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The myth of the preferred A Level damages education

Students are bombarded with advice when choosing what to pursue after compulsory education at the age of 16. Some choose apprenticeships, while others choose to study for vocational qualifications like GNVQs. Despite these other options, the vast majority still choose A Levels as a route to university courses or employment at 18.

With that comes yet more choice and the government have recently initiated plans to put further pressure on schools to encourage students to select specific subjects. They propose a new league table that would rank a school on the basis of how many facilitating, often referred to as preferred, subjects its students took. However, a study based on admissions information for popular courses released by Russell Group universities due to a FOI request showed that the concept of preferred subjects seems seriously misjudged.

What many students will recognise in amongst all of the data and discussion over the study’s findings is the complexity of subject selection advice at A Level. One of the features of the A Level system is that the range of subjects studied by each student narrows hugely at 16, with a maximum of four being the norm. There is a frightening amount of pressure on 16 year olds to have an idea of what they want to do after school or college as they need to commit to this through their selection of subjects.

When preferred subjects are thrown into this mix, the pressure only intensifies. High performing pupils are encouraged to take the classically academic subjects on the grounds that this will give them the widest range of future options. The list bypasses apparently less rigorous courses such as Economics, Politics and English Language. Conversely these are some of the most broadly studied subjects at university level.

When students are discouraged from studying them at A Level they have no experience of what these subjects are actually like. This could have a dual effect; on the one hand, it could prevent them from taking these subjects up at university due to their lack of knowledge comparative to students in the past. However, it could also result in some students taking these subjects and later regretting their selection.

The rumours surrounding preferred subjects could have an even more dramatic impact. Teachers, parents, universities and the media may discourage pupils from applying to more rigorous universities and courses in this country on the basis of their lack of ‘facilitating’ subjects. This would be tragically misleading. The study into preferred subjects showed, for example, that applying with drama among your three or four A levels seems to almost guarantee entry into essay based subjects. While the data is simplified and the combination of subjects not considered, it is clear that this ‘black listed’ A level is not actually the total turn off for university admissions tutors that it is touted to be.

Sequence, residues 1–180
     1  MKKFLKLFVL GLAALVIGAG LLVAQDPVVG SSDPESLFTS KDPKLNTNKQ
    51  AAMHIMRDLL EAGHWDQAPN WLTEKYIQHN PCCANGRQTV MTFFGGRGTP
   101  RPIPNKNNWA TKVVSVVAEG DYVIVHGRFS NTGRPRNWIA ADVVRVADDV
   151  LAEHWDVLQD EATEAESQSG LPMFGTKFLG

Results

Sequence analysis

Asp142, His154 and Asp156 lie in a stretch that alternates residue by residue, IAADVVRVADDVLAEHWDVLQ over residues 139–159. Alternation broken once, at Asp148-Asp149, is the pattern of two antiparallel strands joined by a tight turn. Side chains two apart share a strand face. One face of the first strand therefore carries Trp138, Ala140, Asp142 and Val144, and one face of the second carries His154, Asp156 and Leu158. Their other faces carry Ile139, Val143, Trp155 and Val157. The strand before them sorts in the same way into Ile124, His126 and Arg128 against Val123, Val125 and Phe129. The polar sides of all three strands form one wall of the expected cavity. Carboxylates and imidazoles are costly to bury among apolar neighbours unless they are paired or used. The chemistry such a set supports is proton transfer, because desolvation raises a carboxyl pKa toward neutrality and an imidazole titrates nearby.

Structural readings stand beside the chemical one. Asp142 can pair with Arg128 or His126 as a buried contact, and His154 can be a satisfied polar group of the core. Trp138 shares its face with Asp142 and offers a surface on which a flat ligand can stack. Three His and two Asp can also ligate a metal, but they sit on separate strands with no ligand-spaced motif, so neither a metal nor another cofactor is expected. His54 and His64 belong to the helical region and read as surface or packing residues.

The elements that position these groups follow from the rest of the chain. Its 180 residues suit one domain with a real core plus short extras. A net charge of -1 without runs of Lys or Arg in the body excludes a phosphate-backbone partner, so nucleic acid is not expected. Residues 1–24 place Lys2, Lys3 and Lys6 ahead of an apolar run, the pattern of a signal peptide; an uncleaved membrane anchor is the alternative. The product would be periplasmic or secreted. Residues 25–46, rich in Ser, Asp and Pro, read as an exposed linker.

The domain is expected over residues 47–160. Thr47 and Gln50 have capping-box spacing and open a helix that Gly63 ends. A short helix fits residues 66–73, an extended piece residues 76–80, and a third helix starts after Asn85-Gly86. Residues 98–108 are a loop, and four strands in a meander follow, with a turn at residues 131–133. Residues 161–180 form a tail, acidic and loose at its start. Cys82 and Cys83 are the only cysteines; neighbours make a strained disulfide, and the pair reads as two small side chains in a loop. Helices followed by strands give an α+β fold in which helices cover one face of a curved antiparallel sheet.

While drama is often not a student’s chosen career path, they may enjoy the subject and want to continue it in conjunction with other, more applicable, A Levels. It is not unreasonable to suggest that taking the subjects you enjoy is much more likely to translate into success. If you are genuinely interested in a subject you are more likely to participate in classes and complete work with a degree of enthusiasm.

The most damaging consequence of recommending A levels on these grounds is that the focus is placed firmly on outcomes. Students are already aware of the almost overwhelming pressure to get certain grades. Asking students to keep in mind, from the moment they choose their A Level subjects, a certain post-18 pathway only adds to this pressure. What is missing from education in these circumstances is any sense of studying for the sheer pleasure of it. For a student who may well be in education voluntarily for another 3 or 4 years, it’s not hard to believe that this could be a helpful outlook.

There is some sense in recommending certain subjects to certain students. Some degrees simply require specific subjects, such as economics with maths in most cases. Some A Level combinations may seem so unusual that a student will at least have to consider how they will justify their decision-making on their personal statement, for instance. Some subject choices may actually damage the opportunities some students are considering and this should be openly discussed with them. Similarly, having a loose idea of their preferred outcome can help channel students abilities throughout the relatively rapid A Level process.

However, the myth of preferred subjects being some kind of holy grail for high performing universities is clearly just that, a myth. The damage that perpetuating this idea does to students pressurised into taking specific subjects, with their future held to ransom until they do, is clearly excessive. What should be encouraged, at the first stage in their education when students really get to choose their own path, is a sense of pride and enjoyment in the selection they make. Only then will students achieve the results, both personally and in their education, which will enable them to be most successful, whatever the route they end up taking.

Tags: a-levels, student aims, university entry

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